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South Africa – Big labour brokers will find ways to circumvent labour law amendments

12 September 2013

The Labour Relations Amendment Bill was passed by the South African Parliament last month.  According to the amendment, following a period of three months temporary workers are entitled to become permanent employees. They will also receive the same pay, rights, and benefits as permanent employees. Proposed two years ago, the amendment was passed with 248 voting in favour and 81 voting against.

The new labour law amendments to labour broking are about to radically alter the rules of employment, according to Loane Sharp, a labour economist at workforce management company Adcorp. The Labour Relations Amendment Bill was passed by Parliament last month. It is currently with the national council of provinces and will almost certainly be implemented before the general election in 2014.

Speaking to the Financial Mail, Loane Sharp explained that the implications of equal remuneration and benefits for temporary staff are going to result in one of two big unintended consequences of the new regulations.

“Under the equal treatment provision of the bill, government was expecting to see a mad scramble by employers to adjust temporary staff remuneration to the same levels as full-time staff and offer them equal benefits. This is not going to happen. Everything will be reduced to the lowest common denominator: the temporary worker,” Mr Sharp stated.

“Assisted by their labour brokers, employers are preparing to reduce the remuneration of permanent staff to the same level as temporary staff. Permanent staff are also in danger of losing benefits; such as medical aids and pension funds.” 

He continued: “It will be easy for employers to implement the permanent employee changes. All employers have to do is consult with employees on the proposed changes. If employees don’t like it, they have only one choice: resign. Employment is a voluntary arrangement on both sides.”

“The second unintended consequence of the new labour regulations relates to a [section of the statute that explicitly states that] a temporary worker will after three months with a company be able to cite either the labour broker or its client for unfair labour practice. This provision is easily circumvented. The end result will be no change from the current situation where only a labour broker can be cited in an unfair labour practice hearing.”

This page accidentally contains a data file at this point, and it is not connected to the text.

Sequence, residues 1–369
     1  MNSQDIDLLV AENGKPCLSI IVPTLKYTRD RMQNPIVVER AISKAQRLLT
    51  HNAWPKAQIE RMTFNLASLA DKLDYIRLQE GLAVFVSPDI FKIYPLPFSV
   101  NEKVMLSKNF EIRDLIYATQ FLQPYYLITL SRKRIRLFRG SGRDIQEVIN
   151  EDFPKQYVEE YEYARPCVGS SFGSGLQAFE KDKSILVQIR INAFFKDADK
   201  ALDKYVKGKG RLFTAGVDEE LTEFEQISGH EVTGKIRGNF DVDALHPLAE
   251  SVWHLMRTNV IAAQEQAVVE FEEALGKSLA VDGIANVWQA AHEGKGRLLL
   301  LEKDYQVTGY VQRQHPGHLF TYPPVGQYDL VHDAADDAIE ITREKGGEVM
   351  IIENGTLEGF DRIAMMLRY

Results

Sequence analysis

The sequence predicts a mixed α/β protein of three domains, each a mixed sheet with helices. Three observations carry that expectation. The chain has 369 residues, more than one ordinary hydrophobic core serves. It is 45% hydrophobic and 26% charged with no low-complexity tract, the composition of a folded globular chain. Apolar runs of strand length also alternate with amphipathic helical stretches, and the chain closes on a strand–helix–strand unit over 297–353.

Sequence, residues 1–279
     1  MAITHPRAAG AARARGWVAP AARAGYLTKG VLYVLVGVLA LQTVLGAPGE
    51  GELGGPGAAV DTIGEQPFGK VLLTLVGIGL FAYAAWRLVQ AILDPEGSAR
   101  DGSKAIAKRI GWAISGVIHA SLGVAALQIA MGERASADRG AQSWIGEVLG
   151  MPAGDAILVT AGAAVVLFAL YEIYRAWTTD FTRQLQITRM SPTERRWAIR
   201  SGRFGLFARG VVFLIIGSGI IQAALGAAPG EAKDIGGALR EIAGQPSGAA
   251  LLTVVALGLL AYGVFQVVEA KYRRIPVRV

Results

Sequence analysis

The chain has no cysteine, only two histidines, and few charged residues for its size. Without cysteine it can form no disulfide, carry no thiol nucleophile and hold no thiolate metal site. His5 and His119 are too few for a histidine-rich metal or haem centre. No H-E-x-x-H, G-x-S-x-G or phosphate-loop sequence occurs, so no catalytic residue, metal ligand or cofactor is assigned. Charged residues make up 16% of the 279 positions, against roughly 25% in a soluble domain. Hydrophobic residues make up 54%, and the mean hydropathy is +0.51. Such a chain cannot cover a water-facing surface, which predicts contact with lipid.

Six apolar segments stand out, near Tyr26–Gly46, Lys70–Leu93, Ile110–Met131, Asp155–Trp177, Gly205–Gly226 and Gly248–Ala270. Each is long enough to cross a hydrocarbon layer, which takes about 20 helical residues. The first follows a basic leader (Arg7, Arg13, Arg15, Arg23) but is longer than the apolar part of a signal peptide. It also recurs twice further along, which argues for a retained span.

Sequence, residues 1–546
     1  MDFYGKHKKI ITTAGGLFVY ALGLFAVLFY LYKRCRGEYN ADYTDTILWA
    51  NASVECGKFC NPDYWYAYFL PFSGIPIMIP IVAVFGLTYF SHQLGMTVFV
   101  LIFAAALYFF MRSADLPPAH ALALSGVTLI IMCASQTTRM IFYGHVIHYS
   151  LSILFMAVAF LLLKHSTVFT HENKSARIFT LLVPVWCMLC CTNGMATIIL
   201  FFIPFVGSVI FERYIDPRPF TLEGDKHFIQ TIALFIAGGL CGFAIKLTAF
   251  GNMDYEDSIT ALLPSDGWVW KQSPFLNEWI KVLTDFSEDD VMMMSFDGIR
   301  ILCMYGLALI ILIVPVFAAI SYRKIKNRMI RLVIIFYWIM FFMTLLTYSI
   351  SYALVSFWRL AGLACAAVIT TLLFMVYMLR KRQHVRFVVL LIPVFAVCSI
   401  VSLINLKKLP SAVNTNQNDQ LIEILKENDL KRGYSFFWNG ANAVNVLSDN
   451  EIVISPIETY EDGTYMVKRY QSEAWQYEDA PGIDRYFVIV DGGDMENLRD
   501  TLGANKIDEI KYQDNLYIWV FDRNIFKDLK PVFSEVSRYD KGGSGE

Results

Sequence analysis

“There are two ways to ensure employers won’t be cited. The first is for the labour brokers to indemnify clients against adverse awards that may be made by the commission for conciliation, mediation & arbitration (CCMA) or the labour court. The second method to circumvent the provision is made possible by the ability to insert a third legal entity between the labour broker and its client. All that will be required is that the third entity has direct control over the work of temporary staff.”

“If there is one thing that the government has succeeded in doing it is to drive the small ‘bakkie brigade’ labour broking firms out of the market. Only the big labour broking firms have the financial resources and sophisticated legal teams required to indemnify clients under the [aforementioned statute],” Mr Sharp added.

“Almost 1,300 small labour broking firms have already closed up shop since 2000 and more will follow. The primary beneficiaries are Adcorp and the other big labour broking companies. Adcorp already has a 12% market share and expects this to rise to about 30% after the labour law amendments come into force.”

“Big labour broking companies effectively designed the labour regulations amendments. ~they ran a sophisticated lobby campaign through Capes (Confederation of Associations in the Private Employment Sector). Capes is a member of Business Unity SA, which represented business during the negotiations on labour law change at the national Economic Development & Labour Council (Nedlac).

“Temporary workers represent about a third of the employed labour force. This is up from only 10% in 2000. Breaking the number down, 8.9 million people are in permanent positions, 2.95 million are directly employed by companies in temporary positions and just over 1 million are employed through labour brokers,” Mr Sharp concluded.   


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